An Interiors Expert Shares the Top Design Trends to Watch for in 2022

Black kitchen

While the last two years of lockdowns weren’t ideal for embracing new home design trends, it’s looking promising in 2022. After nearly two years spent cooped inside, we all have a much better idea of what works in our home and what doesn’t. And, with many of us continuing to work from home next year, it’s even more important that we get that right, creating a space for ourselves that’s both comfortable and, in our eyes, stylish.

So, to help you do just that, we’re sharing six home design trends you might want to try. To celebrate Inside Out’s 21st year, the magazine featured a spread on The Top 21 Australian Design Moments, spotlighting the top trends we should expect to see in 2022. Ahead, editor Eliza O’Hare delves a little deeper on six of them, sharing how exactly we can incorporate them into our homes.

Inside Out DEC cover

Bushfire-Resistant Tech Materials

“This is more than a trend — really it’s a response to environmental change combined with this big movement from the city to the regional areas. People want to feel safe in remote locations and using the right materials helps with that. It also leans into sustainability and self-sufficiency with water tanks, solar and off-grid technology.”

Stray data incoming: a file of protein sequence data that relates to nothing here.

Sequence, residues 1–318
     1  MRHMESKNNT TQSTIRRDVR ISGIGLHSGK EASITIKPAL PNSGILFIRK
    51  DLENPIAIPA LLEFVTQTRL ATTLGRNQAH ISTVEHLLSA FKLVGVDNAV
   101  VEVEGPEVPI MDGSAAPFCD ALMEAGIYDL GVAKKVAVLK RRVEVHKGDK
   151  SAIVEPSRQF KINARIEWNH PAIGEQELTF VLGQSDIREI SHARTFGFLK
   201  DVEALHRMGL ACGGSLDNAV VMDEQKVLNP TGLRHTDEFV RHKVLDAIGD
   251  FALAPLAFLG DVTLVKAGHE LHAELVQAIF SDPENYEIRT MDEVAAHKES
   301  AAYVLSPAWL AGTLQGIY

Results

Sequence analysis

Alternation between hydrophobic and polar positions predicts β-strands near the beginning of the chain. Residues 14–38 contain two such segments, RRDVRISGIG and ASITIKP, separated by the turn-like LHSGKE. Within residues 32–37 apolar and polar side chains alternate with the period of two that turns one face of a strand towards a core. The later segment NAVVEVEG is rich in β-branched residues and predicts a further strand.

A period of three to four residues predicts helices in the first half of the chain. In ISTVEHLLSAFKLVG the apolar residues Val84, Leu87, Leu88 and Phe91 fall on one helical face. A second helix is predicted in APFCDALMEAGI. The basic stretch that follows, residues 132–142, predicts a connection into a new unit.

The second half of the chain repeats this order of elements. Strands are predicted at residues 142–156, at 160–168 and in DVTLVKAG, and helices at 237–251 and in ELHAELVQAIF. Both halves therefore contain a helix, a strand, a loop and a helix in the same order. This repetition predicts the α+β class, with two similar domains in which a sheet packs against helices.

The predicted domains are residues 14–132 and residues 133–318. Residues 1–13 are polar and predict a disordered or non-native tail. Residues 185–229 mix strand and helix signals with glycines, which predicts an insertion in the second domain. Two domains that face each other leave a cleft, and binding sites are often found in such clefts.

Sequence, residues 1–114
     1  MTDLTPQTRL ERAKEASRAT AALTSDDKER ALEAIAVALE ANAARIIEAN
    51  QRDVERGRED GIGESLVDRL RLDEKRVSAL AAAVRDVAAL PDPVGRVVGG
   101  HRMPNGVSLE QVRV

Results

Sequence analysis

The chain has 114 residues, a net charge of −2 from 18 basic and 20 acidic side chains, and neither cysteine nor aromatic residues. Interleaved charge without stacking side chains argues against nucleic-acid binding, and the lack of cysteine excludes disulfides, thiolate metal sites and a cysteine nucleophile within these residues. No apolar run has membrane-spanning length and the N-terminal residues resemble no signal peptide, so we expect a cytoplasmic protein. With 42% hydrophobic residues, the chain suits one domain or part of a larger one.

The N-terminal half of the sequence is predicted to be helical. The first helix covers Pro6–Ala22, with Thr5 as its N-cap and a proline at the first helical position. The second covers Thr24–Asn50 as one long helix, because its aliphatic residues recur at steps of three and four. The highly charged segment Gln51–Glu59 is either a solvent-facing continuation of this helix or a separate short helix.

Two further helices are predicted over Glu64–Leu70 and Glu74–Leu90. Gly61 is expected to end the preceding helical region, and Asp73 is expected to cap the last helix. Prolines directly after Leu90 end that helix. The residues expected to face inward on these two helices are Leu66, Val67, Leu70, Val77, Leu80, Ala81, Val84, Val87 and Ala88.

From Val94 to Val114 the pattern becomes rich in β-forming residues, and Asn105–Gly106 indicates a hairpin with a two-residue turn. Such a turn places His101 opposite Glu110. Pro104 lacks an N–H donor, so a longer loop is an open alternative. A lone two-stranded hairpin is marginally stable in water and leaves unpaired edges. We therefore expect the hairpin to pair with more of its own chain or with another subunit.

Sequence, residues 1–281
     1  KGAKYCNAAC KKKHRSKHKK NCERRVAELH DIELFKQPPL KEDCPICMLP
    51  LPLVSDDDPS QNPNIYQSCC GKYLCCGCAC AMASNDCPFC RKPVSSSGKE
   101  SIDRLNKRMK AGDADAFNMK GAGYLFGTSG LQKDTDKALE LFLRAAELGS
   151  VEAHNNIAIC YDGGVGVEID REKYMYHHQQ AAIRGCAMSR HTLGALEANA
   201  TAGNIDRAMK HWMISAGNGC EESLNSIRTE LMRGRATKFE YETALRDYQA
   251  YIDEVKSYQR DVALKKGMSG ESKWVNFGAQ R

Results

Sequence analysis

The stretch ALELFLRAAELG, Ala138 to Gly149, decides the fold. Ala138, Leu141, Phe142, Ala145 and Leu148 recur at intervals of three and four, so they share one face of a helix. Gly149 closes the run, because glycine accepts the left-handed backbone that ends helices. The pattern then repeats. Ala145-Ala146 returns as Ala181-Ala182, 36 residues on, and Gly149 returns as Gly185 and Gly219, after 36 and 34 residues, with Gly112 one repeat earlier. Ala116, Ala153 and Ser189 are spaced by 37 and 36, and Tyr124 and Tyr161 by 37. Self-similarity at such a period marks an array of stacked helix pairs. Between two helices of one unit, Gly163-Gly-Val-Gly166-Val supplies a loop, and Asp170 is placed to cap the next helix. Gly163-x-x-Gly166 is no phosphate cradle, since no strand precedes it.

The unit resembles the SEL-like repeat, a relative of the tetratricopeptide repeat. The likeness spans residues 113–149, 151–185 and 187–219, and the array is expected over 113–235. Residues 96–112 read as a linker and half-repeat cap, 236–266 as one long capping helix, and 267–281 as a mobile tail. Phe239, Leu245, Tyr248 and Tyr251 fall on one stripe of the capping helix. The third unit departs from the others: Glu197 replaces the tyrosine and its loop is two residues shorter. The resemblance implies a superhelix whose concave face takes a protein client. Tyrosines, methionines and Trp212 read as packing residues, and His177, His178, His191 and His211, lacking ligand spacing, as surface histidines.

Black Kitchens

“This has been around for a while and also includes deep rich navy and other dark colour saturated colours in a dramatic kitchen that is miles away from white on white. This is about drama.”

Outdoor Kitchens

“Huge! Huge! Lockdown cemented the outdoor kitchen as the best place to be on Saturday nights … outdoor ovens, fridges, sinks, prep areas, pizza ovens, lighting, sound systems and even outdoor rugs! It’s really leveraging the space that we have to its greatest potential. Every metre counts.”

Mud Rooms

“This isn’t new — in fact, it’s very old fashioned from the sorts of houses with stables and additional entrances but the idea of a mud room is genius. Part laundry, part foyer, part storage, part pet grooming salon — it’s where all the mess, clutter, shoes, raincoats and, of course, mud goes before you enter the house proper.”

Millennial Pink

“Okay — this may have come… and gone…. but was huge in about 2016 when a whole world of pink collided. It was the Pantone Colour of the Year and then a series of cultural elements like the Wes Anderson film Grand Budapest Hotel with its fleshy pink kitsch throughout was picked up by designers from fashion to interiors to homewares and saturated the market for the next four years.”

Connected Smart Homes

“This is really interesting as we are finally at the juncture where internet coverage and connectivity has reached such a point that consumers can easily access fast internet and the cost of technology-rich products have become affordable, so now we can actually get smart fridges, full house connectivity and remote control everything.”

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